National Geographic Radio Programs

National Geographic Weekend


National Geographic Weekend Image: SRN Radio logo

December 19, 2009

This Week's Guests:

Francis Slakey
Francis Slakey, a Georgetown University physics professor, decided he needed a little surf and turf in his life. So he climbed the highest peak on every continent and surfed every ocean. Slakey tells Boyd about his adventure and the added bonus of meeting his wife while climbing Mount Everest.
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Matt Niederhauser
Punk rock has invaded China. Photographer Matt Niederhauser documented the underground punk scene in his new book Sound Kapital: Beijing’s Music Underground. Niederhauser chats with Boyd about D-22, a club in Beijing that is being compared to CBGB, and shares some of the music that is being played there today.
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Nigel Waller
Nigel Waller is working to provide basic mobile phone services to people making less than two dollars a day. Waller tells Boyd about the company he started called Movirtu and how he plans to make his idea a reality.
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Rob Draper
For the past thousand years or so, a community of Eastern Orthodox monks has lived on Mount Athos in Greece. National Geographic writer Rob Draper was given unprecedented access to the monks for his story, “The Monks of Mount Athos,” in the December 2009 National Geographic magazine.
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David Braun
National Geographic News editor David Braun joins Boyd to talk about some of the most popular news stories from 2009.

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Stephen Schneider
With world leaders in Copenhagen, the debate on climate change is heating up. National Geographic Fellow Stephen Schneider joins Boyd to talk about his new book, Science as a Contact Sport: Inside the Battle to Save Earth's Climate. Schneider tells Boyd how we need to change our game plan and worldview to win the battle against climate change.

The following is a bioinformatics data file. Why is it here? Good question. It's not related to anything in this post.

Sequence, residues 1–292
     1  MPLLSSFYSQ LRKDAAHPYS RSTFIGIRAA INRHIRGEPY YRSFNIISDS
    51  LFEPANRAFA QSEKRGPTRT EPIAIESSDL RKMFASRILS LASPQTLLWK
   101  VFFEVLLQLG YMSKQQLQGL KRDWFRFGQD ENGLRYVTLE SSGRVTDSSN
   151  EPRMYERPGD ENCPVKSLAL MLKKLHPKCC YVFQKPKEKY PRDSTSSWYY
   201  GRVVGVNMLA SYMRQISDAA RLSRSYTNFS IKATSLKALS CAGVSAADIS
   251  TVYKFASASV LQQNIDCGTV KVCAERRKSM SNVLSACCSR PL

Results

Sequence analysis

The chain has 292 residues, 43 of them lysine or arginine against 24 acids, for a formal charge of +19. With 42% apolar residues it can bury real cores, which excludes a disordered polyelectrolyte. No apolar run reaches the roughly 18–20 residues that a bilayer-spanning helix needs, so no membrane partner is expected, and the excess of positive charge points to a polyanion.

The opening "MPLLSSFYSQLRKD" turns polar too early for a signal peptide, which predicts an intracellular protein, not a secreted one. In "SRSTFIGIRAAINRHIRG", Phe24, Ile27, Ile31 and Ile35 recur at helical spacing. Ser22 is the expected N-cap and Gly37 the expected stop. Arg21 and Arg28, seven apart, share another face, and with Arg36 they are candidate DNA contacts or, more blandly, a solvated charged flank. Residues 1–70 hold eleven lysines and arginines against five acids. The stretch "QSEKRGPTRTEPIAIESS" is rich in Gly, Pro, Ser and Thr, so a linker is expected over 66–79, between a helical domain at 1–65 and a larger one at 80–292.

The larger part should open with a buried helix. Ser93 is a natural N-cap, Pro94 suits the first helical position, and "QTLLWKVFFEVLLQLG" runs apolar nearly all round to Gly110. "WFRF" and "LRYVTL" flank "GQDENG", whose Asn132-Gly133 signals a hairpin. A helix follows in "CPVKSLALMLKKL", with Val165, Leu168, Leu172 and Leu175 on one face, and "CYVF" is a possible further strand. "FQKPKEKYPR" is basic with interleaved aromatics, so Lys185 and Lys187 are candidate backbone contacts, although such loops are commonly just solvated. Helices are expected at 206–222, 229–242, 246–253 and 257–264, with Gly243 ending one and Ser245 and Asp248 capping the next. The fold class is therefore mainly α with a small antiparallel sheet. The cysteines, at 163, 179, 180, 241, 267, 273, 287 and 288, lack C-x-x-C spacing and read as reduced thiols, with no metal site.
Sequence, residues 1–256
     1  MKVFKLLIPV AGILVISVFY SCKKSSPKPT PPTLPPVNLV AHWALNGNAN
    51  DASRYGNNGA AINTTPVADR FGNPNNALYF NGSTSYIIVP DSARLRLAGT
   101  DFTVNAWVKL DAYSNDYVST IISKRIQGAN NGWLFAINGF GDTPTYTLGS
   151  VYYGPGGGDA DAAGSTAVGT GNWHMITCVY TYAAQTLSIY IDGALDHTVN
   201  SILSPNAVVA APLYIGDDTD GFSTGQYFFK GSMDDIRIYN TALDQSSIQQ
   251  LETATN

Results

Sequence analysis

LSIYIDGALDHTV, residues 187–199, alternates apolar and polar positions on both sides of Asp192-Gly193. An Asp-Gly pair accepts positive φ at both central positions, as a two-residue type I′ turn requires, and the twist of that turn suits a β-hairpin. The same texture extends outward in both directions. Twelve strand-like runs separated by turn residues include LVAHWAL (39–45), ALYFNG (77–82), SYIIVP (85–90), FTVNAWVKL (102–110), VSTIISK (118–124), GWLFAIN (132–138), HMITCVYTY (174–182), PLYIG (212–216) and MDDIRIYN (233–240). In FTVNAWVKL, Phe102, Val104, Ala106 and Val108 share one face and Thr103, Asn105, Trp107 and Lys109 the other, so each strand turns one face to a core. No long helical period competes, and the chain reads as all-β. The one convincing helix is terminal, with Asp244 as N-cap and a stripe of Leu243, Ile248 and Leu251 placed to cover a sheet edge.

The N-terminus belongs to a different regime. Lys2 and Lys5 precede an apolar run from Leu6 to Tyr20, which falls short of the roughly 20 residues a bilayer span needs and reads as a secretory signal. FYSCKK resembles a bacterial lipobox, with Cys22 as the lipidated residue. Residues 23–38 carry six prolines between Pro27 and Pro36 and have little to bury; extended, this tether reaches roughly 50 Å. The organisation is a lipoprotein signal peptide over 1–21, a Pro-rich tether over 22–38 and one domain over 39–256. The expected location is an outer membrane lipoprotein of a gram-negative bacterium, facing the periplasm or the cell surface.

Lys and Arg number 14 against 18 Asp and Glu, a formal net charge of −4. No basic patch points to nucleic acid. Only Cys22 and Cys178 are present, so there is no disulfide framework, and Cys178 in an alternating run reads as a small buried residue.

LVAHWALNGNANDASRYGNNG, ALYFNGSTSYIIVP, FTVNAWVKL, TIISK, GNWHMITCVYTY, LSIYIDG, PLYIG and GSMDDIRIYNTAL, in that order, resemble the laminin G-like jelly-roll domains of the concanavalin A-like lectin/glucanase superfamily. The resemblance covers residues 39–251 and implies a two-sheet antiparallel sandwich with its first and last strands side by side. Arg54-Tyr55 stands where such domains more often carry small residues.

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Martin Schoeller
The Hadza grow no food, raise no livestock and live without rules or calendars. They are living a hunter-gatherer existence that is little changed from 10,000 years ago. National Geographic magazine photographer Martin Schoeller spent time living with the Hadza to capture images of their lives for the December 2009 issue. Schoeller tells Boyd about sleeping under a tree and eating baboon brains.
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Dr. Susan Shaw
Dr. Susan Shaw is the founder and director of the Marine Environmental Research Institute. She is an expert in marine toxicology who has recorded the effects of man-made chemicals in marine mammals. Shaw tells Boyd how the chemicals we dump into landfills are making it back into our food and water.
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Bethanne Patrick
Who invented underwear? The sandwich? Sneakers? A new book from National Geographic publishing titled An Uncommon History of Common Things, has the answers. Co-author Bethanne Patrick joins Boyd in the studio to talk about yo-yos, tree houses and neckties.
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Steve Casimiro
National Geographic Adventure magazine’s gear guru Steve Casimiro joins Boyd to talk about some of the best gear of 2009. His suggestions might make the perfect gifts this holiday season.

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